Condorelli's Odd Routine

All athletes have their own rituals just before competition. Some like to pray and point to the sky when on the starting blocks. Some might do a little dance to stay mentally and physically loose.

But Canadian swimmer Santo Condorelli does things a little differently.

When Condorelli was only 8, he became frustrated at his lack of success competing against older, more physically developed swimmers, according to this feature by Donna Spencer of the Canadian Press.

It was natural for the aspiring star and his father, Joseph, to look for an edge somehow, but the conclusion they reached was far from conventional: They decided to have the younger Condorelli give his father the middle finger just before every race.

"You've got to build your confidence yourself and say 'eff everybody else that you're racing,' " Condorelli told the CP, recalling his father's words to him. "He said, 'Every time you're behind the blocks, give me the finger and I'll give it back to you.'"

As the CP's feature noted, Condorelli has understandably run into some controversy regarding his unusual tactic, with his appearances in gradually more prominent races.

For example, just before the 100m freestyle at the 2012 USA Junior Nationals (his dad is American and his mom is Canadian), Condorelli was just doing his routine as usual. But his father happened to be positioned right behind the television cameras, so the unfortunate angle portrayed Santo as a villain, as shown in this video:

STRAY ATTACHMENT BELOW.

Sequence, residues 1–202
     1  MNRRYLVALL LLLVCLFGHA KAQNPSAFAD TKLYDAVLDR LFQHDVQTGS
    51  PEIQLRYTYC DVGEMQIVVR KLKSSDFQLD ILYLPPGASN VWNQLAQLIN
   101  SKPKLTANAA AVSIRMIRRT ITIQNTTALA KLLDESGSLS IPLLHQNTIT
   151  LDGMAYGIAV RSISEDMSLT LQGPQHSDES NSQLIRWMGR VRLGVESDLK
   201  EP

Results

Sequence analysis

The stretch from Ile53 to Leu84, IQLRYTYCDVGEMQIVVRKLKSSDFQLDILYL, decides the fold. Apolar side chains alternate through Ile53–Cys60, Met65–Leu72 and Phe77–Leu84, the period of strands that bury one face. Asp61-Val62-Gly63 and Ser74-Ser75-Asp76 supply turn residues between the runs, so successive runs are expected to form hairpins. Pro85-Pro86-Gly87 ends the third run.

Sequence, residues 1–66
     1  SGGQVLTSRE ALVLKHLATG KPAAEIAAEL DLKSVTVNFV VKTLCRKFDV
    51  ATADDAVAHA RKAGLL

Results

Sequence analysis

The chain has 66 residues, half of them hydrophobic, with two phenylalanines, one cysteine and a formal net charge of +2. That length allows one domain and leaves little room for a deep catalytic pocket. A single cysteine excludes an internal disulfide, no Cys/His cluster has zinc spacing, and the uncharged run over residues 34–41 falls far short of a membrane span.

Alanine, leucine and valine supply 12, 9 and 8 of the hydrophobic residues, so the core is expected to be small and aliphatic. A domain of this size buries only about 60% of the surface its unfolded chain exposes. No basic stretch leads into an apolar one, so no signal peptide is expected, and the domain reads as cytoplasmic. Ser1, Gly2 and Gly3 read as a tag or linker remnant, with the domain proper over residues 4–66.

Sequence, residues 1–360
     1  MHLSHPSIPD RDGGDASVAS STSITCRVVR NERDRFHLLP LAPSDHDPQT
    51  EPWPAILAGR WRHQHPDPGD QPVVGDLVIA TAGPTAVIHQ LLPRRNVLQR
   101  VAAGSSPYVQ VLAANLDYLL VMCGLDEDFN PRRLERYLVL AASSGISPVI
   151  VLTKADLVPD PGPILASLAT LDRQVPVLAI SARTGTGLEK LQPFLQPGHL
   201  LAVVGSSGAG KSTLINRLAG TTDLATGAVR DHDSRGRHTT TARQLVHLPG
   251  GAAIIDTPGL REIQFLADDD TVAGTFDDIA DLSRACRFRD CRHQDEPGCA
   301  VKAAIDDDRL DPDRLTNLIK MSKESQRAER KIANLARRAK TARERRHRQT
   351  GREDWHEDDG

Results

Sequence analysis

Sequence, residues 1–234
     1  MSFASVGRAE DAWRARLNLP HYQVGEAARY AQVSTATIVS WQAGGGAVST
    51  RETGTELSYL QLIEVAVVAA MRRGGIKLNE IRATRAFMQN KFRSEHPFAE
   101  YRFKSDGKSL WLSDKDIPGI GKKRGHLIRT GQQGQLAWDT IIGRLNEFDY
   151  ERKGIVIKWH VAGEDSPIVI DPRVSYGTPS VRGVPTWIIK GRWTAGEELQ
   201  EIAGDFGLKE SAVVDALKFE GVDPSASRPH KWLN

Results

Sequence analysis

"I was looking at my father and I gave him the finger ... directing it right at the camera," he told the Canadian Press about that incident. "I had to write an apology."

With the 21-year-old Condorelli set to make his first Olympics appearance, his ritual previously only seen by swimming die-hards will now be fully exposed to the entire planet. And if you thought the world's ninth ranked swimmer in the 100m free had any plans to stop now, you'd be quite mistaken.

"Athletes always have that one thing that gets them going that they need to do," he said. "That happens to be mine and still is. Seeing everybody's reaction to it has been interesting.

"I'm not trying to piss people off. I just put it in the middle of my forehead now. My dad is definitely giving it to me and I can see him from a mile away."

More Olympics:
-- Mike Conley Jr.: When Your Dad Is An Olympian
-- How Christen Press Stays Sane Despite Crazy Schedule
-- How Miles Chamley-Watson Turned Detention Into Olympic Fencing